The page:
Jesus Embracing The Cross“For the word of the cross is foolishness to those who are perishing, but to us who are being saved it is the power of God.”— 1 Corinthians 1:18

In Matthew 26:1 Jesus reveals that He will be delivered up to crucifixion. The disciples think it’s a waste. They think it’s good for nothing.Then we are introduced to a strange woman that dumps a literal fortune of fragrant oil on the head of our Lord. The disciples declare that the woman’s act is a waste—that it’s good for nothing. But Jesus declares that it’s a kalos ergon (in Greek), a “good work,” the “beautiful thing.”Not that it’s good for something . . . it’s just good. It’s beautiful.

Beautiful means good for nothing—just good…like a sunset. It doesn’t matter how you use it; it’s just good.

Matthew records the act as if it’s the first “good deed” done by someone other than Jesus in all the gospels, and perhaps all of Scripture—it’s that important.

The strange woman loves Jesus when He seems to be good for nothing . . . just good. And she does something that seems to be good for nothing . . . and Jesus calls it Good. Maybe she saw that Jesus loved her when she seemed to be good for nothing . . . just good—I mean beautiful to Jesus.

Did you know that Jesus loved her and all humanity when we were good for nothing?
– When we were “dead in our trespasses and sins and the uncircumcision of our flesh.”
– When we took His life, He gave His life.
Jesus loved us when we seemed to be good for nothing.

Jesus even loved His Father, when His Father seemed to be good for nothing. He cried out, “Why have you forsaken me?” He thought God had forsaken Him. To Jesus, His Father seemed to be good for nothing—just good, beautiful. And so He surrendered to that great Beauty crying, “Into your hands, I commit my Spirit.”

Jesus the Son, loved God, when God the Father, seemed to be good for nothing. And God the Father, loved Jesus when Jesus seemed to be good for nothing—when, in the words of Saint Paul, “He who knew no sin, became sin.” It was then, that God exalted Him above every name that is named.

Words are failing me here, but there is a moment when God the Father and God the Son both seem to be good for nothing . . . just Good.
– A moment when they don’t love for a reason, but love is the reason.
– A moment when neither is using the other, but only loving the other.
– A moment when they are good for nothing . . . just Good. That’s beautiful.
– A moment that reveals God is good for no reason. He is the reason.
– A moment that reveals God is One—two persons (or three persons), but one substance.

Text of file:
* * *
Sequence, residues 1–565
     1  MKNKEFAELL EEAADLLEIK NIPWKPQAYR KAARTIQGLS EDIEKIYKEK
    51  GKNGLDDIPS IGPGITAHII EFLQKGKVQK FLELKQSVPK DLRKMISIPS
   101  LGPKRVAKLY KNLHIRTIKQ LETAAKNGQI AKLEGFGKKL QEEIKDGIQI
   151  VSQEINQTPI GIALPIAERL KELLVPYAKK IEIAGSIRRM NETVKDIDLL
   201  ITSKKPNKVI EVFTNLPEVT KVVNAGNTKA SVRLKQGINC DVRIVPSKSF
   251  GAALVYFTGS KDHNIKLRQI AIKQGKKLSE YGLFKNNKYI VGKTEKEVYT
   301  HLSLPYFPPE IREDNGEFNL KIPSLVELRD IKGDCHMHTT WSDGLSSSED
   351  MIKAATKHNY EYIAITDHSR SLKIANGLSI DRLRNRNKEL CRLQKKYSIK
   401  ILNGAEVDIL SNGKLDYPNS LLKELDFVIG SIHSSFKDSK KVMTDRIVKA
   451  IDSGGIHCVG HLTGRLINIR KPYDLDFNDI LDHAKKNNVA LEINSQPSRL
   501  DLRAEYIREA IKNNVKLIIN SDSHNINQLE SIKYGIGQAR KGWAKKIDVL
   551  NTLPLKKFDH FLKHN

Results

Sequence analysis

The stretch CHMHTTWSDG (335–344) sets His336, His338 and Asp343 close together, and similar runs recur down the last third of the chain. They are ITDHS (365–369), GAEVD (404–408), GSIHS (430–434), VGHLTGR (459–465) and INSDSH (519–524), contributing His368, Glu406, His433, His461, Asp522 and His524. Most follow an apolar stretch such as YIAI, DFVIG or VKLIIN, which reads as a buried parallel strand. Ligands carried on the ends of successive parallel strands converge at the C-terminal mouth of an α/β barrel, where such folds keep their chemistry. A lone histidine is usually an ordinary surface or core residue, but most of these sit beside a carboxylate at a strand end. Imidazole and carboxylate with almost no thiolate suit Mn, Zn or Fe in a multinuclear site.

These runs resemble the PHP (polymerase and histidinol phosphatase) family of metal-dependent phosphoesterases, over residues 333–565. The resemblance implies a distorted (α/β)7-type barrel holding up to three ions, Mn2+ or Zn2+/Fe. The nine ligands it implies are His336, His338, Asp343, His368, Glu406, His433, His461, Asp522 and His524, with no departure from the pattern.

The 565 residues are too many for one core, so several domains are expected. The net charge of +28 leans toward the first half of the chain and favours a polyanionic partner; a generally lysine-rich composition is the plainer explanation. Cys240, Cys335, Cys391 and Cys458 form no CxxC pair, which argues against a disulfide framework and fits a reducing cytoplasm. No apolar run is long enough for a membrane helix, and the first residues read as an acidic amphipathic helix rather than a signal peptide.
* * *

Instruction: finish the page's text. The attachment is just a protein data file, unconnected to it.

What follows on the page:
God is Love—Love that will not stop and cannot be stopped. God is the Beautiful One.

Does that kind of love seem foolish to you?
Loving sacrificially?
Loving when it appears you’ll receive absolutely nothing in return?
Loving when you feel abandoned by love?
Loving when it hurts?

Scripture reveals that kind of love is “foolishness to those who are perishing,” but it is the power of God to those who are being saved, and God wills that ALL will be saved: “For God so loved the world that he gave his one and only Son, that whoever believes in him shall not perish but have eternal life. For God did not send his Son into the world to condemn the world, but to save the world through him.” — John 3:16-17

SO… “Beloved, let us love one another, for love is from God, and whoever loves has been born of God and knows God. Anyone who does not love does not know God, because God is love. In this, the love of God was made manifest among us, that God sent his only Son into the world so that we might live through him. In this is love, not that we have loved God but that he loved us and sent his Son to be the propitiation for our sins. Beloved, if God so loved us, we also ought to love one another. No one has ever seen God; if we love one another, God abides in us and his love is perfected in us.”—1 John 4:1-7

This devotional was prepared by Kimberly Weynen, Peter Hiett’s assistant. It is a compilation of devotional thoughts from Kimberly and excerpts from Peter’s larger sermon entitled “The Beautiful Thing and How to Do it.” You can read, watch or listen to “The Beautiful Thing and How to Do It” in its entirety here:

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